Psalms 1–2: The Righteous & The Wicked

Read the Bible in 2023 ◊ Week 1: Wednesday

For Yahweh knows the way of the righteous,
But the way of the wicked will perish.
Psalm 1:6 LSB

Today begins the reading of this wonderful book. Another thing I really like about Michael Coley’s Bible reading plan is that the reading from Psalms is on every Wednesday. If the week has been challenging, exhausting, a week of quiet or one of grief, turning to the Psalms in the middle of the week turns us to God to worship and find rest in Him. The Psalms give us a voice for our greatest time of blessing and our darkest times of anguish. They teach us who God is, who we are, and how to walk and live before Him in love and trust.

Today’s Bible reading is Psalms 1–2. Both Psalms are about the righteous and the wicked. The focus of Psalm 1 is on the individual, and the focus of Psalm 2 is on the nations.

Psalm 1 begins with what the righteous man does not do, and then goes describes what the righteous does. This is a great psalm to keep in mind as you begin to read through the Bible.

How blessed is the man who does not walk in the counsel of the wicked,
Nor stand in the way of sinners,
Nor sit in the seat of scoffers!
But his delight is in the law of Yahweh,
And in His law he meditates day and night.
Psalm 1:1–2 LSB

The righteous does not walk, stand or sit in the counsel, the way, or the seat of the wicked, but instead delights in Yahweh’s law and meditates on it. Remember that Yahweh is God’s personal, covenant name for His people.

Meditates in verse 2 is not the mindless meditation of Eastern religions. It is not zoning out or trying to work ourselves up into an experience by repetition of a mantra or any other practice. The Hebrew word means to “consider, think (mull) over; ponder.” Its “root means “think through something, with personal interest in actual life-application.”1 In other words, don’t look into the mirror of God’s word, then go away and forget what you’ve read. Ponder what you’ve read. Ask yourself what am I learning from God’s Word that is a light to my feet and a lamp to my path. What have I learned? What am I to do?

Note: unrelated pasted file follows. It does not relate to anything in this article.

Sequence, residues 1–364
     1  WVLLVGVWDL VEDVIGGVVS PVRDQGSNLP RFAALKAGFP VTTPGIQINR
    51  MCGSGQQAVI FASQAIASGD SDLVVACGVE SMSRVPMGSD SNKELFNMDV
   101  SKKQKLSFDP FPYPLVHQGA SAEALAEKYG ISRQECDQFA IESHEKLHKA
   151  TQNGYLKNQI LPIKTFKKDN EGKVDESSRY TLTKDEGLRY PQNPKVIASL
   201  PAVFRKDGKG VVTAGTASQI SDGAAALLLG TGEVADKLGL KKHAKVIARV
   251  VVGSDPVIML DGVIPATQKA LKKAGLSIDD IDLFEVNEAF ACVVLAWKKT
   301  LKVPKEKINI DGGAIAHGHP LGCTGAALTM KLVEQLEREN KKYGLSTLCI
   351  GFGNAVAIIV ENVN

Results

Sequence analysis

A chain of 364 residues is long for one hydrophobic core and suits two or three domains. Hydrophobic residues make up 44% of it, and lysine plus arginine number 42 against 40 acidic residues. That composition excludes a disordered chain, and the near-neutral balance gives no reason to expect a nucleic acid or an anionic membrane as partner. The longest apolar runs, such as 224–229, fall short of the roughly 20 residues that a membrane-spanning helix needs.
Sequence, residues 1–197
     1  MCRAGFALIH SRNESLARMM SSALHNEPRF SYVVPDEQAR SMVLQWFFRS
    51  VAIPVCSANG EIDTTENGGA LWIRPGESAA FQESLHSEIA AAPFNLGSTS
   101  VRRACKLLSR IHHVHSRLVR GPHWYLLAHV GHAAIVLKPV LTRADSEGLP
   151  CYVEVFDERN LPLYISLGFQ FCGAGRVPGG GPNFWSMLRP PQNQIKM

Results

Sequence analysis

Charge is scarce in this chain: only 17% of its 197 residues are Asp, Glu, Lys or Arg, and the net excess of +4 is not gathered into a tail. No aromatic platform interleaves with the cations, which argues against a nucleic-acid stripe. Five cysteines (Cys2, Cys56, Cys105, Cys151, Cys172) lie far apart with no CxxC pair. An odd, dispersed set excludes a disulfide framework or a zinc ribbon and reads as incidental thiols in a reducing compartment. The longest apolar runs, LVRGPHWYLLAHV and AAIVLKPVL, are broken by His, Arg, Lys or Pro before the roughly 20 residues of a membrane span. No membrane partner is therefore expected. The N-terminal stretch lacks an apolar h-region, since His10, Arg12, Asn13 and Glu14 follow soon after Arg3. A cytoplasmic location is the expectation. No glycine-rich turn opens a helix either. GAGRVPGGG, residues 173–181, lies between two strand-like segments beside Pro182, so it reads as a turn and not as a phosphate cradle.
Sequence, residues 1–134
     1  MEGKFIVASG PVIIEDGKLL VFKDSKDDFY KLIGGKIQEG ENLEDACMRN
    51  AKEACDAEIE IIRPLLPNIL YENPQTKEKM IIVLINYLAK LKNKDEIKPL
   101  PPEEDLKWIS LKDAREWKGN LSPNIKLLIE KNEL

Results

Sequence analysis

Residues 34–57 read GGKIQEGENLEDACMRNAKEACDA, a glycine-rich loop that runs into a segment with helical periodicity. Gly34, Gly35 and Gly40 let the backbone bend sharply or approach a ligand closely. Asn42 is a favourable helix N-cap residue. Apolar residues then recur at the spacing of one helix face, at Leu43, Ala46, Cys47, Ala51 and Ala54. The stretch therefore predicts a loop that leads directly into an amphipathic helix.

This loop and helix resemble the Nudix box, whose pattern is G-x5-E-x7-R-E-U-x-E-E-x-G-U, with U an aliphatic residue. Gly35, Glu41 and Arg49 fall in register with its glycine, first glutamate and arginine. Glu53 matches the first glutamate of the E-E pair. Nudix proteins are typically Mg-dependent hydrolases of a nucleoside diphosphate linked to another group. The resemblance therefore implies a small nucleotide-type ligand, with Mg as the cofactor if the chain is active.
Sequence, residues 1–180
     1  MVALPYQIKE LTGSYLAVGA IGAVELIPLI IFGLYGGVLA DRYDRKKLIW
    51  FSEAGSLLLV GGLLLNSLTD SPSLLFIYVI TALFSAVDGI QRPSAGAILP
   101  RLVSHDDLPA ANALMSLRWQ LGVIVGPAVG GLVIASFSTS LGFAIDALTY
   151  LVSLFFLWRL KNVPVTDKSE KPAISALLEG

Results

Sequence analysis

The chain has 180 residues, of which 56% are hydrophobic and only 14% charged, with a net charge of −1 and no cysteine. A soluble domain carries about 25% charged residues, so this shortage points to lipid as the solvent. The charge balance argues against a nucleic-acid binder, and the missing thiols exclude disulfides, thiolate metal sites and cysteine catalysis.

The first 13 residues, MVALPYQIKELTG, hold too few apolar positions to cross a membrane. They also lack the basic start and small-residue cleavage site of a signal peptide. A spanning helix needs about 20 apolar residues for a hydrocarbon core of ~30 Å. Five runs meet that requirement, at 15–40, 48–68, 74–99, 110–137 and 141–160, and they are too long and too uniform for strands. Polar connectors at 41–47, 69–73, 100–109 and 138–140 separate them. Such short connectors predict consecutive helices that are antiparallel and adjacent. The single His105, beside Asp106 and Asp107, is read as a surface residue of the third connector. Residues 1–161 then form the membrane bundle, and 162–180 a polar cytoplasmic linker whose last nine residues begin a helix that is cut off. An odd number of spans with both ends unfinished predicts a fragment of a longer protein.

For if anyone is a hearer of the word and not a doer, he is like a man who looks at his natural face in a mirror; for once he looked at himself and has gone away, he immediately forgot what kind of person he was. But one who looks intently at the perfect law, the law of freedom, and abides by it, not having become a forgetful hearer but a doer of the work, this man will be blessed in what he does.
James 1:23–25 LSB

Derek Kidner writes,

The three negatives [v. 1] have cleared the way for what is positive, which is their true function and the value of their hard cutting edge…The law of the Lord stands opposed to ‘the counsel of the wicked’ (1), to which it is ultimately the only answer. The psalm is content to develop this one theme, implying that whatever really shapes a man’s thinking shapes his life. This is conveniently illustrated also by the next psalm, where the word for ‘plot’ [RSV](2:1b) is the same as for meditates here, with results that follow from very different thoughts that are entertained there. In our verse [1:2], the deliberate echo of the charge to Joshua [Joshua 1:8] reminds the man of action that the call to think hard about the will of God is not merely for the recluse, but is the secret of acheiving anything worthwhile (cf. prospers, here, with Jos. 1:8). Law (tôr â) basically means ‘direction’ or ‘instruction’; it can be confined to a single command, or can extend, as here, to Scripture as a whole.2